I'm struggling with the following problem:

Let $(\Omega, \mathcal{A}, \mathbb{P})$ be a probability space, $(X_n)_{n \in \mathbb{N}} \subseteq \mathcal{L}^0(\mathbb{P};\mathbb{R})$ i.i.d with: $$ \forall F \in \mathcal{B}(\mathbb{R}): \; \mathbb{P}(X_n \in F) = \int_F 1_{[1,e]} \frac{1}{z} \lambda^1(dz) $$ (Where $ 1_{[1,e]}$ is the indicator function). For all $n \in \mathbb{N}$ define $$ Y_n := ( \prod\limits_{k=1}^n X_k )^{1/n} $$

a) Show that for all $n \in \mathbb{N}$ $Y_n$ is $ \mathcal{A}- \mathcal{B}(\mathbb{R})$-measurable

I didn't have any issues solving this problem.

b) Show that $(Y_n)_{n \in \mathbb{N}}$ converges almost surely against 1.648721....

I tried using the law of large numbers. I calculated $$ \log((Y_n)^n) = \sum\limits_{k=1}^n \log(X_k) $$ The sequence $(\log(X_k))_{k \in \mathbb{N}}$ is still i.i.d. , thus for $k \in \mathbb{N}$ I tried to calculate the expected value $$ \mathbb{E}[\log(X_k)] = \int_\mathbb{R} \log\left(1_{[1,e]} \frac{1}{z}\right) \lambda^1(dz) $$ But when I tried to calculate this integral, it is undefined. Where did I go wrong? Another approach I thought about was trying to use the almost completely convergence, as in $$ \sum\limits_{n=1}^\infty \mathbb{P}( |Y_n - Y| > \epsilon) < \infty $$ for any $\epsilon \in (0,\infty)$, in order to imply almost sure convergence. I thought about this idea because the limit is given incompletely as a decimal representation, and not as (most likely) $\sqrt{e}$. But I can't make any significant progress with that idea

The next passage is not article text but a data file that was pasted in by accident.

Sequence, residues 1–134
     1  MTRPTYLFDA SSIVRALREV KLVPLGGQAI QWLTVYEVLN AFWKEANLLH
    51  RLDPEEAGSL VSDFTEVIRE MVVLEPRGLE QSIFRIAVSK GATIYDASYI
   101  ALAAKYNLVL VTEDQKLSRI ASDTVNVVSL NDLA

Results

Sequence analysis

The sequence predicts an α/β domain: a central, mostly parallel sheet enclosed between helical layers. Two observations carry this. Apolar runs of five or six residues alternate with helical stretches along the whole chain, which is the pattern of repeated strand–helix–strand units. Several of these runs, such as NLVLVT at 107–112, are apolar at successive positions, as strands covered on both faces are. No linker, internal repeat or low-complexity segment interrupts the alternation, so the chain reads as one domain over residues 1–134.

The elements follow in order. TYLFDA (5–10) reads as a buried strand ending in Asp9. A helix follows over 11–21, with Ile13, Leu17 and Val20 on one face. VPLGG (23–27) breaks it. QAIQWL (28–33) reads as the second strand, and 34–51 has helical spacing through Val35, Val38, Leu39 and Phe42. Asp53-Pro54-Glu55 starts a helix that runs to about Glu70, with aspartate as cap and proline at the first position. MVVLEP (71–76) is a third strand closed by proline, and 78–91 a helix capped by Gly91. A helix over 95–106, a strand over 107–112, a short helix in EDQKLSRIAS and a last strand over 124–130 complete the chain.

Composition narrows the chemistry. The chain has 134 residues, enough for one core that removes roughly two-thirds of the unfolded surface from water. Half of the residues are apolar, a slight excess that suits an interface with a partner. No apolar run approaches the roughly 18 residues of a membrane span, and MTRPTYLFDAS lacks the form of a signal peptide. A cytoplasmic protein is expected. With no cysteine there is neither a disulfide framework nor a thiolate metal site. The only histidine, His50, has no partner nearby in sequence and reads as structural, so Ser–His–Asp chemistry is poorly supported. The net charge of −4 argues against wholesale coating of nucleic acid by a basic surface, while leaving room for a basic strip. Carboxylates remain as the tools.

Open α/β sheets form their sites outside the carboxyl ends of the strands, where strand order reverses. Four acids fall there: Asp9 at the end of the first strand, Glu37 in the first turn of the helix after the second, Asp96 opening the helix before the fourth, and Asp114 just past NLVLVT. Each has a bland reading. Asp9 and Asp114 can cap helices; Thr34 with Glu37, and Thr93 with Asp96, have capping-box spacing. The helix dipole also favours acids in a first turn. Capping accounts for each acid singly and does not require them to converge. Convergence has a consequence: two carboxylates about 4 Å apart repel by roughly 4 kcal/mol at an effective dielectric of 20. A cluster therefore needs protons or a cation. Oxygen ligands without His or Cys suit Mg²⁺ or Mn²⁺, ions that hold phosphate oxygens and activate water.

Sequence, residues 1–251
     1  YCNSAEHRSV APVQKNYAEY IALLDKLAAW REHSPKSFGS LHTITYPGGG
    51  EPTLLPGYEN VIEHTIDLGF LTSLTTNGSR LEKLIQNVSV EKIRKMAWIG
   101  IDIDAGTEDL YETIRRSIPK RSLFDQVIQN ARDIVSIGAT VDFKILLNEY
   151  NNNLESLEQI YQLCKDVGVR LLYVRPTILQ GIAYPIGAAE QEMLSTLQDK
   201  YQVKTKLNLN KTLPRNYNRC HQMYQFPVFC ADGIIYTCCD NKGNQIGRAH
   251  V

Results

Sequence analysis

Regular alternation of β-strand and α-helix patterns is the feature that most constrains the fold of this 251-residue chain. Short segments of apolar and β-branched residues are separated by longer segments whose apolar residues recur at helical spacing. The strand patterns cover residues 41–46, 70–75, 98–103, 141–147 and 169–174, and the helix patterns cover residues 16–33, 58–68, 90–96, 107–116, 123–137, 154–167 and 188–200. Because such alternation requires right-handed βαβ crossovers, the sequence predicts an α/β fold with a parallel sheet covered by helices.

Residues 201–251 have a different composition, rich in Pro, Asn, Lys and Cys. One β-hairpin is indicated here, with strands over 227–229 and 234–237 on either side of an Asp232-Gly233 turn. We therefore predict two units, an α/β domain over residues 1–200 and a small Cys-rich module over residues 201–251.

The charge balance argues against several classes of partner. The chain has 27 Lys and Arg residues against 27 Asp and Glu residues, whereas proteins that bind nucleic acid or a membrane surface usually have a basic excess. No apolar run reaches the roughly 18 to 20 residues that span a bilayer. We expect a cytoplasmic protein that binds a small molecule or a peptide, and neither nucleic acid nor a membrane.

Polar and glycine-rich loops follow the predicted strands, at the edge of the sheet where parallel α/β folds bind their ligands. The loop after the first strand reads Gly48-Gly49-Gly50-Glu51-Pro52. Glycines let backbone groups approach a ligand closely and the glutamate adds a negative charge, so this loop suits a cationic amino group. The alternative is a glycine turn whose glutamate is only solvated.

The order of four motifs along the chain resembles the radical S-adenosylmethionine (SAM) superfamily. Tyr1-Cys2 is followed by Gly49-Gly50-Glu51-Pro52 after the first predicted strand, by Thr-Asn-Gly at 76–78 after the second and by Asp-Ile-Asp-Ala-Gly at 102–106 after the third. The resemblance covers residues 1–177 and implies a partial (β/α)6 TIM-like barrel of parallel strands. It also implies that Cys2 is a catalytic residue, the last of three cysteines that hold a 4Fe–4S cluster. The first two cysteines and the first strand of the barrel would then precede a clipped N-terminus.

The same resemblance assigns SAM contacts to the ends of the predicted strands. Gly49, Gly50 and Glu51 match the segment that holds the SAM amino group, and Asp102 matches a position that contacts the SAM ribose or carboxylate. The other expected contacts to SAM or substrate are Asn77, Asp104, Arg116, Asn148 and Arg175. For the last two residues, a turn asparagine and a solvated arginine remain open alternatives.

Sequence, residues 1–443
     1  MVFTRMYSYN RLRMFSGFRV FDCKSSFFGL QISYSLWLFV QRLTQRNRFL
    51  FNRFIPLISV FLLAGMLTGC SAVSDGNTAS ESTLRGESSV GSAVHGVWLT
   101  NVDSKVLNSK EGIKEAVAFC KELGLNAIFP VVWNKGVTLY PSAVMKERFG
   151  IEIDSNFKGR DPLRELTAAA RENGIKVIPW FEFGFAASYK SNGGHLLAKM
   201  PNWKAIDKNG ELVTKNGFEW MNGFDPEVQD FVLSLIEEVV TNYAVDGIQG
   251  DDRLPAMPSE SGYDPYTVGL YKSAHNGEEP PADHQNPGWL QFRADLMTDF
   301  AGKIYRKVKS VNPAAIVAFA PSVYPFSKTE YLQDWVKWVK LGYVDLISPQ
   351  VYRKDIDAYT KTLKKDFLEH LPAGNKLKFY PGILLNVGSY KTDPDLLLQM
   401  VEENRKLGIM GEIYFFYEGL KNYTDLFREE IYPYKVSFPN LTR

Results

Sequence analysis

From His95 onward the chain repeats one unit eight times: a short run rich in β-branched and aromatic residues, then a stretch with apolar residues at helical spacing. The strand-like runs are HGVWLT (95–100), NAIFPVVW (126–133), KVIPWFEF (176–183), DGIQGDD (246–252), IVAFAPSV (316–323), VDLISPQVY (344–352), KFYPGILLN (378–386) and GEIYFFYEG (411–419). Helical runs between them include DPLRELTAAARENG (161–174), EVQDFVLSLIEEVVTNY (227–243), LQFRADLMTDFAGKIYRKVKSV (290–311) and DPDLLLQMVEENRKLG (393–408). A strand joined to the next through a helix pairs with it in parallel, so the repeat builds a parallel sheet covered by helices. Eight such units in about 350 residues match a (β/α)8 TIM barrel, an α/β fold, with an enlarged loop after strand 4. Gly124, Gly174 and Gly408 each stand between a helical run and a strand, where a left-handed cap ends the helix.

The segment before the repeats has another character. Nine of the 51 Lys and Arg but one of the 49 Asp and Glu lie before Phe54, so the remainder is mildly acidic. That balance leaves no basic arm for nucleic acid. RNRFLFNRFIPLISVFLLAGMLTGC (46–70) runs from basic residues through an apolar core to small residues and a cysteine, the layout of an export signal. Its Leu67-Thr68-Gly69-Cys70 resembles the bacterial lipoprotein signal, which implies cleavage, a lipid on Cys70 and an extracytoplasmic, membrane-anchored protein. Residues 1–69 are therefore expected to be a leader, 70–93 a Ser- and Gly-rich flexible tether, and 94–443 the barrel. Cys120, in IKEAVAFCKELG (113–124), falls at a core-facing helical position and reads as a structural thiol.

c) Show that $(Y_n)_{n \in \mathbb{N}}$ is uniformly integrable.

I tried using $L^1$-convergence to conclude that $(Y_n)_{n \in \mathbb{N}}$ is uniformly integrable. But here I encounter the same problem as in b), that I can't seem to solve the integral at hand and can't calculate the expectation.

I would be very thankful for any advice or progress to the solution!


Actually, $$\mathbb{E}[\log(X_k)] = \int_\mathbb{R}1_{[1,e]} \log\left(z\right)\frac 1z \lambda^1(dz)$$ and the integrand is the primitive of $(\log z)^2/2$ hence $\mathbb{E}[\log(X_k)]=1/2 $. Then the law of large numbers show that $\log Y_n\to 1/2$ almost surely.

For uniform integrability, it is a good idea to show convergence in $\mathbb L^1$. Since $Y_n\to \sqrt e$ almost surely and $Y_n$ is non-negative, it suffices to show that $\mathbb E[Y_n]\to \sqrt e$. As $\mathbb E[Y_n]$ can be explicitely computed (indeed, $\mathbb E[Y_n]=\left(n\left(e^{1/n}-1\right)\right)^n$, this becomes now a calculus problem.

Or in a simpler way: $1\leqslant X_i\leqslant e$ for each $i$ hence $1\leqslant Y_n\leqslant e$.


Your Answer

By clicking “Post Your Answer”, you agree to our terms of service, privacy policy and cookie policy

Not the answer you're looking for? Browse other questions tagged or ask your own question.